Charm ache with air, and agony with words.

'T is all men's office to speak patience
To those that wring under the load of sorrow,
But no man's virtue nor sufficiency
To be so moral when he shall endure
The like himself.

Ibida For there was never yet philosopher That could endure the toothache patiently.



Some of us will smart for it.

Much Ado about Nothing. Act v. Sc. 1 I was not born under a rhyming planet.

Sc. 2. Done to death by slanderous tongues.

Sc. 3. Or, having sworn too hard a keeping oath, Study to break it and not break my troth.

Love's Labour's Lost. Act i. Sc. 1. Light seeking light doth light of light beguile. Ibid. Small have continual plodders ever won

Save base authority from others' books.
These earthly godfathers of heaven's lights

That give a name to every fixed star
Have no more profit of their shining nights
Than those that walk and wot not what they are.

At Christmas I no more desire a rose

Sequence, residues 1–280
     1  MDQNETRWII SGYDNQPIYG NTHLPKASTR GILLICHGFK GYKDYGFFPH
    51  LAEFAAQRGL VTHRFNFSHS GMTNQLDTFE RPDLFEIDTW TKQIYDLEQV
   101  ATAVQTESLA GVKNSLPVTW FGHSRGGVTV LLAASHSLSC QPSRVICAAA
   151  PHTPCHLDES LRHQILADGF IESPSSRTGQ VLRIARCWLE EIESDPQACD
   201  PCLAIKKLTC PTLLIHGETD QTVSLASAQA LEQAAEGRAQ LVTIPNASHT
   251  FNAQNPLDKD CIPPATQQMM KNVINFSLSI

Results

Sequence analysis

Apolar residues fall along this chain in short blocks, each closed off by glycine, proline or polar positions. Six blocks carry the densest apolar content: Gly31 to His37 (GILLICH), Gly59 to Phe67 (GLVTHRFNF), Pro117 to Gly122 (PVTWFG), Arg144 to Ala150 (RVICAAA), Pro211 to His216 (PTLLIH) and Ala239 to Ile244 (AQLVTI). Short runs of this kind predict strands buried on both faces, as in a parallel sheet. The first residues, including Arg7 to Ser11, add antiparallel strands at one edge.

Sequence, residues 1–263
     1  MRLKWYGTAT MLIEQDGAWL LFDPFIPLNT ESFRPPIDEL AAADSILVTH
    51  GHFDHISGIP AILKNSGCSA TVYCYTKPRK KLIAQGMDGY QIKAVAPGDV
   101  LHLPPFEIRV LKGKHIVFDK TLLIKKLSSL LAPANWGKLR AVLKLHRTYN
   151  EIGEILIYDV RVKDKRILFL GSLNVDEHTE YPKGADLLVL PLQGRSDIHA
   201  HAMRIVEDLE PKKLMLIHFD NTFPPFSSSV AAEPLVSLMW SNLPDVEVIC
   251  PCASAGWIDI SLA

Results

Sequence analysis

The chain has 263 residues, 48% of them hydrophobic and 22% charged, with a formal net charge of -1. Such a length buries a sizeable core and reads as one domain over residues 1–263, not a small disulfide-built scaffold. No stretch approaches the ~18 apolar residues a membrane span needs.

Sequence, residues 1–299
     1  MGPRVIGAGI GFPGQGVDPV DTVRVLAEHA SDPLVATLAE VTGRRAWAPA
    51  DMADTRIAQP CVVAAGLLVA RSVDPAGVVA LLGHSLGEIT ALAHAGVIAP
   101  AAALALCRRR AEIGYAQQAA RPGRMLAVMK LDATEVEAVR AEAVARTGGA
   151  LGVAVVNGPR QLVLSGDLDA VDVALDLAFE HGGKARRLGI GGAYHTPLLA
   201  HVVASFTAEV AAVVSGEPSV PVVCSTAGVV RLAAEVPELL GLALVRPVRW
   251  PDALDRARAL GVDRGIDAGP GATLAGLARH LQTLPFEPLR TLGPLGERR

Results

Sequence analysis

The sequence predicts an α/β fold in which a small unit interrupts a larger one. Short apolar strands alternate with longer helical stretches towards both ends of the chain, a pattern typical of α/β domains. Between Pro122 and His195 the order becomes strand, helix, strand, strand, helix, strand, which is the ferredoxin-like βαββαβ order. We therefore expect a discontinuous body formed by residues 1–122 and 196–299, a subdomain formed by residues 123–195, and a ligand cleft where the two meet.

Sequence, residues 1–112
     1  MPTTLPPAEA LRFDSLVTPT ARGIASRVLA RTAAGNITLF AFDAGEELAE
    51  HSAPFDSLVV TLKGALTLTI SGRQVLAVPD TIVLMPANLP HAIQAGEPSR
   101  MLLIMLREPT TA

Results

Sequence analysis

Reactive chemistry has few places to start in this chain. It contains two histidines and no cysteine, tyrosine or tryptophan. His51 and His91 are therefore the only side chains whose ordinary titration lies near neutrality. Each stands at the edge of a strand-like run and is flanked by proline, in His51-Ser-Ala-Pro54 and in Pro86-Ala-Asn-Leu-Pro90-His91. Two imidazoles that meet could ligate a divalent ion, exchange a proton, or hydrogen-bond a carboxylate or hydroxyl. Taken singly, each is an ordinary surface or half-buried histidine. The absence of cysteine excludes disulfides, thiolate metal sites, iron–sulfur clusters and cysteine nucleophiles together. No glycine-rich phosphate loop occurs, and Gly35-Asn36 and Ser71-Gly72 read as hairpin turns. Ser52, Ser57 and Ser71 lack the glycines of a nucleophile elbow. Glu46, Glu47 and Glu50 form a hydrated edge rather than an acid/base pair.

Than wish a snow in May's new-fangled mirth;
But like of each thing that in season grows.

Ibid. A man in all the world's new fashion planted, That hath a mint of phrases in his brain.

Ibid. A high hope for a low heaven.

Ibid. And men sit down to that nourishment which is called supper.

Ibid. That unlettered small-knowing soul.

Ibid. A child of our grandmother Eve, a female; or, for thy more sweet understanding, a woman.

Ibid. Affliction may one day smile again ; and till then, sit thee down, sorrow!

Ibid. The world was very guilty of such a ballad some three ages since; but I think now 't is not to be found.

Sc. 2. The rational hind Costard.



1 For “mirth.” White reads shews ; Singer, shows.